US6609312 *3 Dec 199326 Aug 2003Anatomic Research Inc.Shoe sole structures using a theoretically ideal stability plane
US67486746 Nov 200215 Jun 2004Anatomic Research, Inc.Shoe sole structures using a theoretically ideal stability plane
US70826977 Jun 20041 Aug 2006Anatomic Research, Inc.Shoe sole structures using a theoretically ideal stability plane
US7254909 *22 Jul 200414 Aug 2007Nike, Inc.Article of footwear with retractable protrusion
US740678123 Feb 20055 Aug 2008Adidas International Marketing B.V.Modular shoe
US7577583 *9 Aug 200118 Aug 2009Acushnet CompanyComputerized article customization system and method for use thereof
US758455425 Jun 20078 Sep 2009Select Sole, LlcConvertible traction shoes
US7647711 *23 Mar 200619 Jan 2010Softspikes, LlcFootwear cleat with inward traction elements
US773063730 Jun 20088 Jun 2010Adidas International Marketing B.V.Modular shoe
US775277511 Sep 200613 Jul 2010Lyden Robert MFootwear with removable lasting board and cleats
US777030623 Aug 200710 Aug 2010Lyden Robert MCustom article of footwear
US7866064 *16 Feb 200711 Jan 2011Nike, Inc.Interchangeable pod system
US79134253 Aug 200929 Mar 2011Select Sole, LlcConvertible traction shoes
US794957014 Aug 200924 May 2011Acushnet CompanyComputerized article customization system and method for use thereof
US807916026 Sep 200820 Dec 2011Nike, Inc.Articles with retractable traction elements
US82098838 Jul 20103 Jul 2012Robert Michael LydenCustom article of footwear and method of making the same
US825614525 Sep 20094 Sep 2012Nike, Inc.Articles with retractable traction elements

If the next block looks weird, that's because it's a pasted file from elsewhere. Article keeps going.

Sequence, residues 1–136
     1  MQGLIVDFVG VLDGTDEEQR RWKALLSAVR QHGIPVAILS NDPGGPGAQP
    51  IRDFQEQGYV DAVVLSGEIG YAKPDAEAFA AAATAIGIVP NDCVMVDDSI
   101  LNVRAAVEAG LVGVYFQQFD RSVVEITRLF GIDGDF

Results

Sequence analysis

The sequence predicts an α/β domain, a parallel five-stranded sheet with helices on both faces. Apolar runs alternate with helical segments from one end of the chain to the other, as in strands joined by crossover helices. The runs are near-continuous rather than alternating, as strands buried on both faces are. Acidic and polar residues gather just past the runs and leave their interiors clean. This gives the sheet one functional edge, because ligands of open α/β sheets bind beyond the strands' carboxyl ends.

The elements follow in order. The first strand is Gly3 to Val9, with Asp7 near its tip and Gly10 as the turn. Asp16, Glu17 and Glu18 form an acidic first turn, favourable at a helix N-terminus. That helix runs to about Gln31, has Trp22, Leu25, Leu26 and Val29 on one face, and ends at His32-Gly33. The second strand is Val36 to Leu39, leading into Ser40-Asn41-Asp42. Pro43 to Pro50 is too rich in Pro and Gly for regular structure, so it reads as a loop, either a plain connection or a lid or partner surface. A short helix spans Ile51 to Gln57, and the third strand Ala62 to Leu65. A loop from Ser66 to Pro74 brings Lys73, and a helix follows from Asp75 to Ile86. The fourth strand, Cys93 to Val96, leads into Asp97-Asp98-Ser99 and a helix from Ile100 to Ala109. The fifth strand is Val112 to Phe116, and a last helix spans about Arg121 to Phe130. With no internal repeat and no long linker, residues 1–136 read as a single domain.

US832205123 Feb 20104 Dec 2012Nike, Inc.Self-adjusting studs
US8365442 *3 Mar 20105 Feb 2013Nike, Inc.Cleat assembly
US8453349 *1 Apr 20104 Jun 2013Nike, Inc.Traction elements
US84533541 Oct 20094 Jun 2013Nike, Inc.Rigid cantilevered stud
US851672031 Jan 201127 Aug 2013Nike, Inc.Interchangeable pod system
US85292671 Nov 201010 Sep 2013Nike, Inc.Integrated training system for articles of footwear
US853397918 Feb 201017 Sep 2013Nike, Inc.Self-adjusting studs
US85670962 May 201129 Oct 2013Adidas International Marketing B.V.Modular shoe
US857398128 Jun 20105 Nov 2013Nike, Inc.Training system for an article of footwear with a ball control portion
US858438013 Sep 201219 Nov 2013Nike, Inc.Self-adjusting studs
US861689228 Jun 201031 Dec 2013Nike, Inc.Training system for an article of footwear with a traction system
US863234211 Dec 200921 Jan 2014Nike, Inc.Training system for an article of footwear
US865661014 Nov 201125 Feb 2014Nike, Inc.Articles with retractable traction elements
US865661127 Jul 201225 Feb 2014Nike, Inc.Articles with retractable traction elements
US871381919 Jan 20116 May 2014Nike, Inc.Composite sole structure
US20100251578 *1 Apr 20107 Oct 2010Nike, Inc.Traction Elements
US20110214314 *3 Mar 20108 Sep 2011Nike, Inc.Cleat Assembly
USRE40047 *11 Mar 200412 Feb 2008Greenkeepers Of DelawareSports shoe cleats
WO2000064294A1 *26 Apr 20002 Nov 2000Acushnet CoTraction assembly for golf shoes
Classifications
U.S. Classification36/59.00R, 36/127, 36/134, 152/210
International ClassificationA43C15/16, A43C15/00
Cooperative ClassificationA43C15/165
European ClassificationA43C15/16C1A